Lessig, Trump and the Constitution
Over the years, SXSW has showcased the energy, creativity and intellect of a lot of extremely smart people. But, no one who has spoken at the event ranks higher on all three of these scales than Lawrence Lessig. He served as a keynote speaker at the 2002 event and (more recently) talked about the importance of campaign finance reform at SXSW 2015.
An expert on the Constitution, Lessig currently serves as the Roy L. Furman Professor of Law at Harvard Law School. He is the author of numerous books including “Republic, Lost: Version 2.0” (2015), “Remix: Making Art and Commerce Thrive in the Hybrid Economy” (2009), “Code: And Other Laws of Cyberspace, Version 2.0” (2006), “Free Culture: The Nature and Future of Creativity” (2005) and “The Future of Ideas: The Fate of the Commons in a Connected World” (2002). In 2001, he founded Creative Commons, a non-profit organization devoted to expanding the range of creative works available for others to build upon and to share legally.
Much of Lessig’s attention in the last month has been focused on challenging the legitimacy of the electoral college as related to the November 8 voting totals. His Washington Post editorial on this subject began as follows: “Conventional wisdom tells us that the electoral college requires that the person who lost the popular vote this year must nonetheless become our president. That view is an insult to our framers. It is compelled by nothing in our Constitution. It should be rejected by anyone with any understanding of our democratic traditions — most important, the electors themselves.”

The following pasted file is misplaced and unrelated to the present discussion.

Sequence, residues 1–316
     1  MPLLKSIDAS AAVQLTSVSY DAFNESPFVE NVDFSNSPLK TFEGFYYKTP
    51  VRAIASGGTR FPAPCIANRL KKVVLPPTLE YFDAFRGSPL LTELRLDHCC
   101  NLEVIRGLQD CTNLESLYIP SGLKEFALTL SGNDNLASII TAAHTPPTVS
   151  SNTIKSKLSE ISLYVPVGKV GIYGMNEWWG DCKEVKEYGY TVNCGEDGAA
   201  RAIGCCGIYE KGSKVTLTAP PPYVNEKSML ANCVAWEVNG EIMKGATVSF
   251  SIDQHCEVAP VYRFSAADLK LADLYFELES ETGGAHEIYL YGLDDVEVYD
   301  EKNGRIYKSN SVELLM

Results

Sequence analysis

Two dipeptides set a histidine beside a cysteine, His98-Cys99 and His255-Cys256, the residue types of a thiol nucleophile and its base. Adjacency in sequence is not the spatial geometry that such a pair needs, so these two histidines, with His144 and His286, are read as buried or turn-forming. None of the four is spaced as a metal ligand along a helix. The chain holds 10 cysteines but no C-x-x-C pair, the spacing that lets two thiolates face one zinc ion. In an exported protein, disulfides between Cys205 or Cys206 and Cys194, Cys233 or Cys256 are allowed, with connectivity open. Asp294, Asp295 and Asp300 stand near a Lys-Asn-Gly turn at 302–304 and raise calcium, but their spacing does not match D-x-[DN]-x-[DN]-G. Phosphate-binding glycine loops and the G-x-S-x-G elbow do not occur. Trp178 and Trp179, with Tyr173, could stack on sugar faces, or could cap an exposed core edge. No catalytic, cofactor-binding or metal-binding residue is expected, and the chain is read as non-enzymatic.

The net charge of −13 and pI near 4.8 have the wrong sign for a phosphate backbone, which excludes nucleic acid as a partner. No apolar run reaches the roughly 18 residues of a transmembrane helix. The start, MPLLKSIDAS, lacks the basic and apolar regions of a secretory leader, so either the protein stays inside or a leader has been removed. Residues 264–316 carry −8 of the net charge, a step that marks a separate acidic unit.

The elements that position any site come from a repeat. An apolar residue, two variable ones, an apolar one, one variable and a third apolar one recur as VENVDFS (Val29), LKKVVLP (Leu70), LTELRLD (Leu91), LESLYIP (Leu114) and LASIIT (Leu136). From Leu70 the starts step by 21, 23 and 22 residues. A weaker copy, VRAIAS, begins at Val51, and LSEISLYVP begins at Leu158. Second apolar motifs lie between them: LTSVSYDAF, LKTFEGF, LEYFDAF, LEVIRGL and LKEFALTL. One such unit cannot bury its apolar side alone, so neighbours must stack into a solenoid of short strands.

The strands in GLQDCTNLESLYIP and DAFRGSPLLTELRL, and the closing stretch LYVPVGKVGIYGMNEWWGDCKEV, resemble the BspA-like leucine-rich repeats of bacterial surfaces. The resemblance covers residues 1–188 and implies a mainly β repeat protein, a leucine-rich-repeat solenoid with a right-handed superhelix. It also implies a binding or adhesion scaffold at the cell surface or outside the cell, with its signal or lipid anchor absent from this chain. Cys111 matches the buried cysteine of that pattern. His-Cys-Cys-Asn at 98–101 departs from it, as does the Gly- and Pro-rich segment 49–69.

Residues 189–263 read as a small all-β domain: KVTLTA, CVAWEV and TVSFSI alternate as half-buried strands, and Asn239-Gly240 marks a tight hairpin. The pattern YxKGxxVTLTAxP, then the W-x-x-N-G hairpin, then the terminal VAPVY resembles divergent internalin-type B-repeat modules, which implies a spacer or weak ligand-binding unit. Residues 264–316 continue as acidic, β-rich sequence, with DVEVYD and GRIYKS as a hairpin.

Lessig has been particularly active on Medium over the last few days, writing several posts about how history may turn on Monday, December 19: “A Constitutionally Compromised President” as well as “And So They Will Decide.” Both of these posts are recommended reading to better understand what kind of extreme challenges we will likely face over the next four years.
Hugh Forrest tries to write four paragraphs per day on Medium. These posts generally cover technology-related trends. When not attempting to wordsmith, he serves as Chief Programming Officer at SXSW in Austin.